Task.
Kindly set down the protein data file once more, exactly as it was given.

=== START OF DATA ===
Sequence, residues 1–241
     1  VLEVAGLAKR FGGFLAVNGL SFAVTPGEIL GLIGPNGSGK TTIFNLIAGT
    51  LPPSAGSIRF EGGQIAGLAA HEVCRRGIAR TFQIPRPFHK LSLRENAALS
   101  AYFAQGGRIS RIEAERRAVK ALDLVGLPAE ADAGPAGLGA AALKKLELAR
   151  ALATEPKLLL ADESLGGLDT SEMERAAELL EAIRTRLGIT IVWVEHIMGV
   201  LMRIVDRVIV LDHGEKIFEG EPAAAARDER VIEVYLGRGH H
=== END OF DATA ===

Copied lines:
Sequence, residues 1–241
     1  VLEVAGLAKR FGGFLAVNGL SFAVTPGEIL GLIGPNGSGK TTIFNLIAGT
    51  LPPSAGSIRF EGGQIAGLAA HEVCRRGIAR TFQIPRPFHK LSLRENAALS
   101  AYFAQGGRIS RIEAERRAVK ALDLVGLPAE ADAGPAGLGA AALKKLELAR
   151  ALATEPKLLL ADESLGGLDT SEMERAAELL EAIRTRLGIT IVWVEHIMGV
   201  LMRIVDRVIV LDHGEKIFEG EPAAAARDER VIEVYLGRGH H